By Michelle Martin - OSV Newsweekly, 6/19/2011
Theology on Tap started with an idea in 1981 that parishes should do something to make young adult Catholics feel more welcome and more connected to their faith.
Now, 30 years later, the program has blossomed, reaching into parishes and dioceses across the United States and some countries overseas.
Individual programs have adapted to meet the needs of their own communities; participants in Atlanta might enjoy quesadillas and chicken wings while listening to a speaker at Manuel’s Tavern, young adults at St. Barnabas Parish in Chicago gather in wicker chairs and enjoy a beer or glass of wine with their discussion.
The Archdiocese of Chicago, where Theology on Tap was founded, now has programs in some 40 parishes. According to Renew International, which coordinates Theology on Tap outside the Chicago area, programs exist in close to 300 other sites.
Kate DeVries, associate director of Young Adult Ministries in Chicago, spent the days of early June putting the finishing touches on this year’s programs, which will start the week of July 10.
DeVries has been involved with Theology on Tap since the late 1980s, only a few years after it started.
The first Theology on Tap was the brainchild of Father Jack Wall, then at St. James Parish in Arlington Heights, Ill. He visited some young parishioners at the University of Illinois at Urbana-Champaign, treating them to a meal and asking them about college and their faith.
The students enjoyed it so much, DeVries said, they asked if the parish could do something similar when they were home over the summer, so Father Wall, now the president of Catholic Extension, organized an event with a speaker.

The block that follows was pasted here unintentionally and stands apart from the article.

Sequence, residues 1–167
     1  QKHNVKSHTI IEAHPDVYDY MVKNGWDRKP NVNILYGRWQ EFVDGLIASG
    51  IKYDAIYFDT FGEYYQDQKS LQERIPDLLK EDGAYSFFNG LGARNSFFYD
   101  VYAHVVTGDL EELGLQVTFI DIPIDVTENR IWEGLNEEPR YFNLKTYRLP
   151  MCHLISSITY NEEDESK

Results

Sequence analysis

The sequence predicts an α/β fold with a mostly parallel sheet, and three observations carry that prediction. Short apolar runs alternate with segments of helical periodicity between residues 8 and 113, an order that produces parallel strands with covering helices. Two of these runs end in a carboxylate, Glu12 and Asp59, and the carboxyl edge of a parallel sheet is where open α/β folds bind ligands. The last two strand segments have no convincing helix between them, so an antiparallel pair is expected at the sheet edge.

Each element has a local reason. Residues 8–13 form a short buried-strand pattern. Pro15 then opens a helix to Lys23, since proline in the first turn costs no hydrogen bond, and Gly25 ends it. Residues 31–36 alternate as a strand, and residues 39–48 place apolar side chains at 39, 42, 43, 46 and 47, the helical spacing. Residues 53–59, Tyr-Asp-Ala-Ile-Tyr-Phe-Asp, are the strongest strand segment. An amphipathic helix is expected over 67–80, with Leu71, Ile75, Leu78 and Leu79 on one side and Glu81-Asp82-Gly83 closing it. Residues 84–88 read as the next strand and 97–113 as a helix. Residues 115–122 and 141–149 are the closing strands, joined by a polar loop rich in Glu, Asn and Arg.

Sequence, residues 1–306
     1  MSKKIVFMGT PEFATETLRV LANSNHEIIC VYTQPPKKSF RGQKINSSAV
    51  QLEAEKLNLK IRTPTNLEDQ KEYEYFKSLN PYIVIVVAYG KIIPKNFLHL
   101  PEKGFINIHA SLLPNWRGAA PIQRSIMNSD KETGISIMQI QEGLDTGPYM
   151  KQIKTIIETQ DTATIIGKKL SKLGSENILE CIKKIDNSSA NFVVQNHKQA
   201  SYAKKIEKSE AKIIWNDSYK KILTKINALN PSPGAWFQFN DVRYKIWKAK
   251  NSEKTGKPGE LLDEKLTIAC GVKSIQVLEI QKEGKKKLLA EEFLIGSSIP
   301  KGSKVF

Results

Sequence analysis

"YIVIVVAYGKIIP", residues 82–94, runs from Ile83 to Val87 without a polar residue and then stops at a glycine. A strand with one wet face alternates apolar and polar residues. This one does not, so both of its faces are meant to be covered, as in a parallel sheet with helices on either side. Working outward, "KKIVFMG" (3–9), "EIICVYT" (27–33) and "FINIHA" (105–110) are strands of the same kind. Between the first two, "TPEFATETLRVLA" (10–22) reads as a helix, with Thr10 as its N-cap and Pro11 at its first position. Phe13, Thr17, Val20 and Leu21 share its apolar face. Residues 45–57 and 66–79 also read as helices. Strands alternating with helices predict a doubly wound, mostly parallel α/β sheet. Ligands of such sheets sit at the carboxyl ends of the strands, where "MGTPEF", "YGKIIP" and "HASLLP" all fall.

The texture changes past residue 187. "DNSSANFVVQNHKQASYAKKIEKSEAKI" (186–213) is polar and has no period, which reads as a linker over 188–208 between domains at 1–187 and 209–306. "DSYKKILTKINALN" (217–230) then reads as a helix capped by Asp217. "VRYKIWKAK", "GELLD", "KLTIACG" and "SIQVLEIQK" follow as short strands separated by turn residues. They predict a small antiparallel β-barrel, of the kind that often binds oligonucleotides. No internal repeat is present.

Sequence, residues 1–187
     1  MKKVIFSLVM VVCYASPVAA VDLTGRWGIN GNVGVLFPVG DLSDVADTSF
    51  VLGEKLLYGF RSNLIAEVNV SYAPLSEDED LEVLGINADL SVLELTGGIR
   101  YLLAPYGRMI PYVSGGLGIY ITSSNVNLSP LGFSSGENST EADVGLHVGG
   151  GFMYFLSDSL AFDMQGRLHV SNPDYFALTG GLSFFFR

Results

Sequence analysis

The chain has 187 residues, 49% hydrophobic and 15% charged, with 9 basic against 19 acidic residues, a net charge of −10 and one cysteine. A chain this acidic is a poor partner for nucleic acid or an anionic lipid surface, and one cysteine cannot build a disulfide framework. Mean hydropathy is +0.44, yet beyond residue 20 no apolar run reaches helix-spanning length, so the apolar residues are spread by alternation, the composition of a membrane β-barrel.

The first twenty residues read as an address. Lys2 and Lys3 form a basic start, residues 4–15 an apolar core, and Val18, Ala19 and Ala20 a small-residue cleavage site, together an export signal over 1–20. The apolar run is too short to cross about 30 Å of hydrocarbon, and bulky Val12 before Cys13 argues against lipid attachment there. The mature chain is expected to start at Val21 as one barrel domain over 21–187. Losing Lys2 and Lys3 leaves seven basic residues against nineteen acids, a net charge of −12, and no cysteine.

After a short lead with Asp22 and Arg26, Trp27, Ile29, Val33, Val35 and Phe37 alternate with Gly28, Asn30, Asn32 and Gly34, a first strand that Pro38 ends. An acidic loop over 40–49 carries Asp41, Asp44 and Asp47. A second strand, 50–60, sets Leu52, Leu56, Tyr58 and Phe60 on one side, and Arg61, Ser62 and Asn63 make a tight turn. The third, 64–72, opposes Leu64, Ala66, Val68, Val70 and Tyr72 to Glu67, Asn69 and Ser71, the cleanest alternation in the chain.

“That first event had 200 people come,” DeVries said. “The second one had 400.”
One of the speakers that first year was Father John Cusick, who is now the director of Young Adult Ministries in Chicago and who has fostered the growth of Theology on Tap.
Theology on Tap is successful, DeVries said, because it caters to a specific audience — young adults ages 20-39 — and tries to make them feel welcome, addressing their questions about faith and its role in their lives and encouraging them to connect with one another.
That’s one reason the logo includes a beer keg and the gatherings generally offer beer and wine, in addition to soda and water. Although no one comes to Theology on Tap to get drunk, the presence of alcohol sends a message that the gatherings are not for kids. The refreshments also encourage a more social atmosphere, especially after the speakers have finished their presentations.
“It simply allows for a more adult kind of experience,” said Sister Patricia Thomas of Renew International.
Renew, a Newark, N.J.-based ministry organization that seeks to foster spiritual renewal in Catholic communities, got involved in Theology on Tap in 2003, when more and more parishes and dioceses outside of the Chicago area wanted to hold their own sessions and it got too unwieldy for the Chicago Young Adult Ministry Office to organize.
While the Archdiocese of Chicago still holds the trademark and organizes its own events, Renew administers the trademark for other areas, providing resources and information to parishes and dioceses as well helping different Theology on Tap sites network among themselves.
Most programs choose to hold their sessions in public venues such as bars or restaurants, Sister Patricia said, because that might be perceived as more welcoming to young people who don’t necessarily belong to a parish.
“It’s the sense of literally and figuratively meeting them where they are,” said Deirdre Trabert Malacrea, Renew’s director of communications and marketing. “It’s a low barrier of entry, and it’s a way for people who are less attached to the formal Church to get involved.”
Some sites offer sessions once a month all year long, others do it once a week for shorter period. For the last three years, the Archdiocese of Atlanta has offered the “Summer Six-Pack,” six weekly sessions in restaurants. For many years, the Archdiocese of Chicago has offered four weekly sessions in the summer at all of its sites.
Because young adults might not have received adequate catechesis or formation as children, DeVries said, Theology on Tap generally offers the basics the first year it is at specific sites.
After the first year, the topics expand and aim to help participants understand their faith and their role in the Church.
“We’ve always done talks on ‘Who is God?’ and ‘What does it mean to be a young adult of faith?’” DeVries said. “And how to develop healthy relationships. Relationships are the No. 1 issue for young adults.”
Michelle Martin writes from Illinois.
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